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Friday, Dec 09, 2022

Zelensky warns civilian casualties may be higher in other liberated cities after Bucha

Zelensky warns civilian casualties may be higher in other liberated cities after Bucha

The number of civilian casualties may be much higher in Borodyanka and other liberated Ukrainian cities than Bucha, Ukrainian President Volodymyr Zelensky said in a video address on Monday.
“There is already information that the number of victims of the occupiers may be even higher in Borodyanka and some other liberated cities. In many villages of the liberated districts of the Kyiv, Chernihiv and Sumy regions, the occupiers did things that the locals had not seen even during the Nazi occupation 80 years ago. The occupiers will definitely bear responsibility for this,” Zelensky said.

In Bucha, Zelensky said there were more than 300 people killed, but that the total number of casualties will likely increase as the whole city is checked.

Zelensky underscored the importance of journalists documenting the aftermath in liberated Ukrainian cities.

“We provide maximum access for journalists to Bucha and other liberated cities of Ukraine. For hundreds of journalists from around the world. And we are interested in having thousands of journalists there. As many as possible! For the world to see what Russia has done,” he said.

Zelensky cautioned that Russia will try to cover up the traces of violence committed in Bucha and other cities.

“They are trying to distort the facts. But, as then, they will not succeed. They will not be able to deceive the whole world,” Zelensky said.

Zelensky repeated his plea to be sent more weapons to fight Russian forces.

“I emphasize once again: Ukraine must get all the necessary weapons to drive the occupiers out of our land as soon as possible, to liberate our cities. And if we had already got what we needed - all these planes, tanks, artillery, anti-missile and anti-ship weapons, we could have saved thousands of people,” he said.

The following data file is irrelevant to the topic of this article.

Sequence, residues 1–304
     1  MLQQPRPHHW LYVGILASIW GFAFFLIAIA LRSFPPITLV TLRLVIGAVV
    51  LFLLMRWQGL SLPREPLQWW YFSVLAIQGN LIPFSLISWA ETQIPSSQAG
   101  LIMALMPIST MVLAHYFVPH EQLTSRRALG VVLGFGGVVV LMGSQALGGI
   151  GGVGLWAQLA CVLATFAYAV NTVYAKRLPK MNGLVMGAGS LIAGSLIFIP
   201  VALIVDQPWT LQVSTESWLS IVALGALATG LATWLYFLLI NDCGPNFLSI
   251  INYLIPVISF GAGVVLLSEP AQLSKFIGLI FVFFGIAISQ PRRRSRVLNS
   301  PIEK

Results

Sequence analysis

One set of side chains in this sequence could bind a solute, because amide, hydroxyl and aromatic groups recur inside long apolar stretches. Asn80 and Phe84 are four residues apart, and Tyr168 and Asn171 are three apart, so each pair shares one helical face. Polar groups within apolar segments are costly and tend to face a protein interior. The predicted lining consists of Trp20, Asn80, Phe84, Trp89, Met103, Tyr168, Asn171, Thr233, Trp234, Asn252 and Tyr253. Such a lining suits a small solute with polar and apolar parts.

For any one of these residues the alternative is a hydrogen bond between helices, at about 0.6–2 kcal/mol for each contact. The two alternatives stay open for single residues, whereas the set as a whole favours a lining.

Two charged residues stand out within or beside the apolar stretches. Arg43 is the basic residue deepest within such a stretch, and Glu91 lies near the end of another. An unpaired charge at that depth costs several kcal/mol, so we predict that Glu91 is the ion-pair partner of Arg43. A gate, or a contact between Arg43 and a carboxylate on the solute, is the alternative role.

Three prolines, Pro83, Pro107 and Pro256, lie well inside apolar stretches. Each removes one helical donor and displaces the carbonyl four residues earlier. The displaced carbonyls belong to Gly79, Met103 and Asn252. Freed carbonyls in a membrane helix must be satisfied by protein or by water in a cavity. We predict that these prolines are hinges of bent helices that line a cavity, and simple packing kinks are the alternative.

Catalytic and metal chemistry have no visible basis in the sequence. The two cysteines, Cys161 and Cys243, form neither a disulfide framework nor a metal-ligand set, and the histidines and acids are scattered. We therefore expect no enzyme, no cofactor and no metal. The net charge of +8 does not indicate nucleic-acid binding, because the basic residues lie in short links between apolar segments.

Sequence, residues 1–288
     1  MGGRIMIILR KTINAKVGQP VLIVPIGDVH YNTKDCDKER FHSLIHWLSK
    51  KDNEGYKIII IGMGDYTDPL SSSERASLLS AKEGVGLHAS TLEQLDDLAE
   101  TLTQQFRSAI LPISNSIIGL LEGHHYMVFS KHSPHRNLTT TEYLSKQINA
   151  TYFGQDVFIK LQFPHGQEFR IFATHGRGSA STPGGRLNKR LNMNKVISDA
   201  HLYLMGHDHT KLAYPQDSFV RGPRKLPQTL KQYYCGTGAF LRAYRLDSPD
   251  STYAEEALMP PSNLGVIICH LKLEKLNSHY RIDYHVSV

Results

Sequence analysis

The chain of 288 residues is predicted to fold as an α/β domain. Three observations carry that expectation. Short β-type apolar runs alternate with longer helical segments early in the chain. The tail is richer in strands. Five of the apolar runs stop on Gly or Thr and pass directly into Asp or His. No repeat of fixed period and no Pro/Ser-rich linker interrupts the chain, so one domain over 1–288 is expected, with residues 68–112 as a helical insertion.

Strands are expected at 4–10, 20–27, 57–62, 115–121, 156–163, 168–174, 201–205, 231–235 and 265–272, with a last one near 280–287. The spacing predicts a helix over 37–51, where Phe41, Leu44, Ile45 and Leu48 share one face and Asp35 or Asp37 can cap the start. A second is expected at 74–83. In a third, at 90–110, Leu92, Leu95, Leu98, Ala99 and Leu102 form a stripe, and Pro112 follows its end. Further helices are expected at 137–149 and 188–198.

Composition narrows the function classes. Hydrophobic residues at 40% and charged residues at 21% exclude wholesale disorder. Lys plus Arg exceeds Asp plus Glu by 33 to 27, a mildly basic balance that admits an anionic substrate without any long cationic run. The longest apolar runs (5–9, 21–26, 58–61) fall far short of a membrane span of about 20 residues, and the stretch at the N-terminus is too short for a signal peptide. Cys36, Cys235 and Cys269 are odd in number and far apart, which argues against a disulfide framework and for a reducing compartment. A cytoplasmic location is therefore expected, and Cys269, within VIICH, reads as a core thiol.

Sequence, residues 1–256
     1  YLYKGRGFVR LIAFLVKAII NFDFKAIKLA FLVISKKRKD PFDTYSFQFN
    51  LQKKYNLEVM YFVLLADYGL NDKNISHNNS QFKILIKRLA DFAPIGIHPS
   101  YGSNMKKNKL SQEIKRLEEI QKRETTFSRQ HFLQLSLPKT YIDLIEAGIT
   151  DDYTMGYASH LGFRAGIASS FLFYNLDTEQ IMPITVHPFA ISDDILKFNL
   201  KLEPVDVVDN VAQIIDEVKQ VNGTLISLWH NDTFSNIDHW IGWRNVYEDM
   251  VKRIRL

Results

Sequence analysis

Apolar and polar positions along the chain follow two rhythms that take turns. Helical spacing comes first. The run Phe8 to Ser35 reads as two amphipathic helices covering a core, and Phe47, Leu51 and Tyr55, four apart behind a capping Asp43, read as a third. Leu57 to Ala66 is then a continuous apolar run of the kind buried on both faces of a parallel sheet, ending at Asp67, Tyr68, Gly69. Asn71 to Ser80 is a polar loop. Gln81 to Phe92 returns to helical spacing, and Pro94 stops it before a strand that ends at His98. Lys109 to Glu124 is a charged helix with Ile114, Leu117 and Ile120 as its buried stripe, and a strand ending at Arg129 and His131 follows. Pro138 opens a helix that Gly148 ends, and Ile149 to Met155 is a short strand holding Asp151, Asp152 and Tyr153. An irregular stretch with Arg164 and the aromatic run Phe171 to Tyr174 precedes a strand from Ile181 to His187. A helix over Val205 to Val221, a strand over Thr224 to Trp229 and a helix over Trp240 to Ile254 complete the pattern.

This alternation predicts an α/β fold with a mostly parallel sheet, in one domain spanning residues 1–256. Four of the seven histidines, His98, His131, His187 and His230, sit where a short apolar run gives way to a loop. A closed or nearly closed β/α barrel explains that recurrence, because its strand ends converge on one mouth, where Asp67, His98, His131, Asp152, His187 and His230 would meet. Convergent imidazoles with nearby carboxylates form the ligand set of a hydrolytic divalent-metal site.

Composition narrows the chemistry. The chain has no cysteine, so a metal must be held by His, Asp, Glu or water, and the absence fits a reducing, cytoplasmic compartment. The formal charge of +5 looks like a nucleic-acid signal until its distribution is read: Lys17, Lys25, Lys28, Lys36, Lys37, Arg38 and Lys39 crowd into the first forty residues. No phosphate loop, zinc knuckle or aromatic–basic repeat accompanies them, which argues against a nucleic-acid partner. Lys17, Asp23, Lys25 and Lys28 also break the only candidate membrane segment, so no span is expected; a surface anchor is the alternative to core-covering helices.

Meanwhile, Ukrainian officials showed international media the removal of five bodies from a basement in Bucha, a suburb of Kyiv recently retaken by Ukrainian forces.

A CNN team visited the basement and saw the bodies before removal. They were in advanced stage of decomposition.

Five men had been tortured and executed by Russian soldiers, an adviser to the Ukrainian interior minister, Anton Gerashchenko, told CNN on the ground. CNN cannot independently verify Gerashchenko’s claims.

The men were found in an area held by the Russian military until a few days ago. Several foxholes, trenches and positions for armored vehicles were still visible around the site, as were leftover Russian rations. Several "V" letters — informal symbols for the Russian military campaign — were also painted at the entrance to the territory.

The dead men had their hands tied behind their backs and most of them had several gunshot wounds, not just to the head, but also to the lower limbs. There were several cartridge casings on the floor next to the bodies.

Volunteers removed the bodies and placed them in body bags, which were later taken away.

A volunteer told CNN they have been recovering bodies in large numbers, saying, “it’s in the hundreds, not dozens.” The volunteer and his unit showed CNN the body bags of at least 30 people who had been recovered on Sunday, plus an additional nine on Monday, including the five found in the basement.

President Joe Biden on Monday said the atrocities allegedly committed by Russian forces in Bucha, Ukraine, are a "war crime" and called for a trial to take place against Russian President Vladimir Putin.

The US President did not, however, label the killings a "genocide" but said he was looking into additional sanctions against Russia.

Biden said the images coming from Bucha warranted calling Putin a "war criminal," adding, "but we have to gather the information. We have to continue to provide Ukraine with the weapons they need to continue the fight and we have to get all the details so this can be an actual — have a war crime trial."

White House national security adviser Jake Sullivan said later Monday that the US hasn't yet seen evidence of "systematic" killings that would warrant designating what's underway in Ukraine a genocide.

"Based on what we have seen so far — we have seen atrocities. We have seen war crimes. We have not seen a level of systemic deprivation of life of the Ukrainian people to rise to the level of genocide," Sullivan said during a White House press briefing.

But the images from Bucha, Sullivan said, underscore that "now is not the time for complacency," stressing the importance of ongoing US support for Ukraine. He said the administration is "working around the clock" to fulfill security assistance requests from Ukraine, detailing the US and allied response so far and hinting at forthcoming "additional military assistance in the coming days."
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